Category Archives: crowd-sourcing

Mystery Monday: Nodia

Every Monday we will post an entry that hasn’t yet been published with a view towards harnessing the collective onomastic power of the internet. If you have any thoughts about the name’s origin, other variants it might be related to, other examples of its use, etc., please share them in the comments! If you wish to browse other Mystery Monday names, there is an index.

16th C English mystery names are loads of fun, because they are the most rare. Today’s name is found in a parish register from St. Antholin, so we have clear gender information — masculine — but no other clue as to the origin, and it’s certainly not a name we’ve found in any other context!

Nodia

Do you have any thoughts as to the origin of this name? Or found any other examples of it in your own research? Please share in the comments!

Advertisements

1 Comment

Filed under crowd-sourcing, dictionary entries, mystery monday

Mystery Monday: Mieszko / Mikso

Every Monday we will post an entry that hasn’t yet been published with a view towards harnessing the collective onomastic power of the internet. If you have any thoughts about the name’s origin, other variants it might be related to, other examples of its use, etc., please share them in the comments! If you wish to browse other Mystery Monday names, there is an index.

Today we’ve got two entries which we’re pretty sure are ultimately one entry. It’s a masculine name with examples found in Poland and the Czech Republic, in Latin and in Middle High German.

Mikso

Mieszko

One reason that these haven’t yet been combined into a single entry is because it’s not clear what the canonical name form should be, if we did. And the reason why it’s not clear what the CNF would be is because this is pretty clearly a diminutive — so it shouldn’t be in an entry of its own, but instead these citations should all be folded into the entry for the full form of the name. The question is: What is that form? What is this name a nickname of? Michael? Nicholas? Something else? This mystery should be pretty straightforward to solve, and we’d love your assistance! Please share your thoughts in the comments.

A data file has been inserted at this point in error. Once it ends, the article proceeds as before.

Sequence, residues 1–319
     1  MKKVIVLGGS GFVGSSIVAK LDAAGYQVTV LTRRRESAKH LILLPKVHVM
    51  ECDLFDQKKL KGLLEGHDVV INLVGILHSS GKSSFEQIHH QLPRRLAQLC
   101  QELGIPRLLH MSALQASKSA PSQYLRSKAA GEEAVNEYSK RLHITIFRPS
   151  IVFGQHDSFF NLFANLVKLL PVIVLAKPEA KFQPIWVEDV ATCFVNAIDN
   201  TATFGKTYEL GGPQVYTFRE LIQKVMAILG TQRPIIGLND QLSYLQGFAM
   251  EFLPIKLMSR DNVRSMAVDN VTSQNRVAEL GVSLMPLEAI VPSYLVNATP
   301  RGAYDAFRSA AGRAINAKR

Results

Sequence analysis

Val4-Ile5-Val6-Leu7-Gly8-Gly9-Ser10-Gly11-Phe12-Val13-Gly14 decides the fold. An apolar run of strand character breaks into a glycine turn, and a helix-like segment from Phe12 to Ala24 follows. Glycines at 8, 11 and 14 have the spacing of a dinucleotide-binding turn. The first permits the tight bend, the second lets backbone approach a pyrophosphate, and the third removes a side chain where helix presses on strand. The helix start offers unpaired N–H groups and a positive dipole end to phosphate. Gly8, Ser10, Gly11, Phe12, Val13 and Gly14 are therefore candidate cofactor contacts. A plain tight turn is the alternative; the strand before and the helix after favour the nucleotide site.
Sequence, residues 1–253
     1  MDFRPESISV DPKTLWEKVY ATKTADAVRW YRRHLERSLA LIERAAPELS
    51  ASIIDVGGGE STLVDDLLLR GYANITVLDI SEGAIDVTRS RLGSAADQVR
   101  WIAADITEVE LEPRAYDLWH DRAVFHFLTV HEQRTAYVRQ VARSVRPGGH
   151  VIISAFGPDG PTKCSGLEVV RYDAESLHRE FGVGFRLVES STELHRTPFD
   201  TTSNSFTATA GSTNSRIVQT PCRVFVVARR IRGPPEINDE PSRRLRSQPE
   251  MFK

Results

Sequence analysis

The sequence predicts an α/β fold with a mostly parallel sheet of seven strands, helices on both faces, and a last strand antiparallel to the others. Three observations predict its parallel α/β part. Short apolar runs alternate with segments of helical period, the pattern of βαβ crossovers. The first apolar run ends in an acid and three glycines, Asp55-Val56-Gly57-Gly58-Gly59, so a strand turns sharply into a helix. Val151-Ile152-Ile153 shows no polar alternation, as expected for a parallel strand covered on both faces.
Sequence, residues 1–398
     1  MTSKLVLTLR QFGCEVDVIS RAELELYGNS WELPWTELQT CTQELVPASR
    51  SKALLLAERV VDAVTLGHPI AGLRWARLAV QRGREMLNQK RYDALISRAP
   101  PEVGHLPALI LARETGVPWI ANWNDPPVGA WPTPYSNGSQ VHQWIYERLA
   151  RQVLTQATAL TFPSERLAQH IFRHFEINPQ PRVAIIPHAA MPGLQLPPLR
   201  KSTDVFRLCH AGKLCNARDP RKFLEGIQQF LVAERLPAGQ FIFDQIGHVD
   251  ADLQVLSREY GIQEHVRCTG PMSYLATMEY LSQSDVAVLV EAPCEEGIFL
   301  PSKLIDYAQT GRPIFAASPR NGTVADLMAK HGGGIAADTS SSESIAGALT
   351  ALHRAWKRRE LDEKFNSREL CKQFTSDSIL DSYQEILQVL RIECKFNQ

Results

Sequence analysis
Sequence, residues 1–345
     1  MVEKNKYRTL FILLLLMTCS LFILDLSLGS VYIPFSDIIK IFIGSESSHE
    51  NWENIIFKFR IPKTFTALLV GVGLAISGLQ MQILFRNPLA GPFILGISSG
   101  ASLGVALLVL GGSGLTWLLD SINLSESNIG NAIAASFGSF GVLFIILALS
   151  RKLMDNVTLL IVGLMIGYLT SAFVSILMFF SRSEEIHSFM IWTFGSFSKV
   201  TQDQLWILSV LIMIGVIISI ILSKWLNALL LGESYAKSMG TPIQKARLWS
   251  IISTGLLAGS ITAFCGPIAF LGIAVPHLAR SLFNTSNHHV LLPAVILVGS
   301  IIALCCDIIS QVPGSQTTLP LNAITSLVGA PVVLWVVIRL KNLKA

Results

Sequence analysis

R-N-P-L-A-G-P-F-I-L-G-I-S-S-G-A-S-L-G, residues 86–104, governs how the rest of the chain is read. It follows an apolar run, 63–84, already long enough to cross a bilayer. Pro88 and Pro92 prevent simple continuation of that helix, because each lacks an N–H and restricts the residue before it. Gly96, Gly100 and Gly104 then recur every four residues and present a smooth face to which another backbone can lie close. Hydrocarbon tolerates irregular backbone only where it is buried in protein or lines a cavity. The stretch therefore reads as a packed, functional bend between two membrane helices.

2 Comments

Filed under crowd-sourcing, dictionary entries, mystery monday

Mystery Monday: Liawiso

Every Monday we will post an entry that hasn’t yet been published with a view towards harnessing the collective onomastic power of the internet. If you have any thoughts about the name’s origin, other variants it might be related to, other examples of its use, etc., please share them in the comments! If you wish to browse other Mystery Monday names, there is an index.

Today’s name is an early Germanic name found in Hamburg which is unusual in that we have a number of different examples of it in the same source, including one variant (Liebizo) which we aren’t entirely sure is the same name.

Liawiso

In fact, we aren’t sure anything about this name — is it dithematic? Is it a nickname? Have we guessed a good normalised form? — except that it is Germanic, and masculine.

If you’ve got any thoughts about the origin of this name, please share in the comments! We’d love to know.

3 Comments

Filed under crowd-sourcing, dictionary entries, mystery monday

Mystery Monday: Komana/Komemka

Every Monday we will post an entry that hasn’t yet been published with a view towards harnessing the collective onomastic power of the internet. If you have any thoughts about the name’s origin, other variants it might be related to, other examples of its use, etc., please share them in the comments! If you wish to browse other Mystery Monday names, there is an index.

Today we have a double-barrelled mystery, two names which we suspect might be related to each other, but where we aren’t sure:

Komana

Komemka